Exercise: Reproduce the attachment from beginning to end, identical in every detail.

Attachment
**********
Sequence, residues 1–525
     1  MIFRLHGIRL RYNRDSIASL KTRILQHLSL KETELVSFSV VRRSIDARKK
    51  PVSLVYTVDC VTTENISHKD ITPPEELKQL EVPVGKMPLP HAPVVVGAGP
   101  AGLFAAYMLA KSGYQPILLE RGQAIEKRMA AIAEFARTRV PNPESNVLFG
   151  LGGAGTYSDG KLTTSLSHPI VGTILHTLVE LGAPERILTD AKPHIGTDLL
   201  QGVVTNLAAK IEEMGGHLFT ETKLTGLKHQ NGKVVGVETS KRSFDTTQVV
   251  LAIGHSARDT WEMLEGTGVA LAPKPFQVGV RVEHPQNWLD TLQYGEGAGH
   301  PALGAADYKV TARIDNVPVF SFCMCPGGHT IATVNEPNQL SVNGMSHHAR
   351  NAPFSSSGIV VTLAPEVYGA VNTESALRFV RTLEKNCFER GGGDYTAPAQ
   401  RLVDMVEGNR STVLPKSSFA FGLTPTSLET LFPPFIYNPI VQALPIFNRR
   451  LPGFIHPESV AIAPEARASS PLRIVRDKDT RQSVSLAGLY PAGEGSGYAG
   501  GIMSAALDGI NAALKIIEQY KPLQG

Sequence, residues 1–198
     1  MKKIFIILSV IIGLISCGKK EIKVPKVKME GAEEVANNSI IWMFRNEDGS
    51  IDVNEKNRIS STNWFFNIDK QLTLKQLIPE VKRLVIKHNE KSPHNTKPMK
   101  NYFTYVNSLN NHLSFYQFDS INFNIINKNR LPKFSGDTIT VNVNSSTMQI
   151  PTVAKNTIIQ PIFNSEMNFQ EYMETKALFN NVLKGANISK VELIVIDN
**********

Sequence, residues 1–525
     1  MIFRLHGIRL RYNRDSIASL KTRILQHLSL KETELVSFSV VRRSIDARKK
    51  PVSLVYTVDC VTTENISHKD ITPPEELKQL EVPVGKMPLP HAPVVVGAGP
   101  AGLFAAYMLA KSGYQPILLE RGQAIEKRMA AIAEFARTRV PNPESNVLFG
   151  LGGAGTYSDG KLTTSLSHPI VGTILHTLVE LGAPERILTD AKPHIGTDLL
   201  QGVVTNLAAK IEEMGGHLFT ETKLTGLKHQ NGKVVGVETS KRSFDTTQVV
   251  LAIGHSARDT WEMLEGTGVA LAPKPFQVGV RVEHPQNWLD TLQYGEGAGH
   301  PALGAADYKV TARIDNVPVF SFCMCPGGHT IATVNEPNQL SVNGMSHHAR
   351  NAPFSSSGIV VTLAPEVYGA VNTESALRFV RTLEKNCFER GGGDYTAPAQ
   401  RLVDMVEGNR STVLPKSSFA FGLTPTSLET LFPPFIYNPI VQALPIFNRR
   451  LPGFIHPESV AIAPEARASS PLRIVRDKDT RQSVSLAGLY PAGEGSGYAG
   501  GIMSAALDGI NAALKIIEQY KPLQG

Sequence, residues 1–198
     1  MKKIFIILSV IIGLISCGKK EIKVPKVKME GAEEVANNSI IWMFRNEDGS
    51  IDVNEKNRIS STNWFFNIDK QLTLKQLIPE VKRLVIKHNE KSPHNTKPMK
   101  NYFTYVNSLN NHLSFYQFDS INFNIINKNR LPKFSGDTIT VNVNSSTMQI
   151  PTVAKNTIIQ PIFNSEMNFQ EYMETKALFN NVLKGANISK VELIVIDN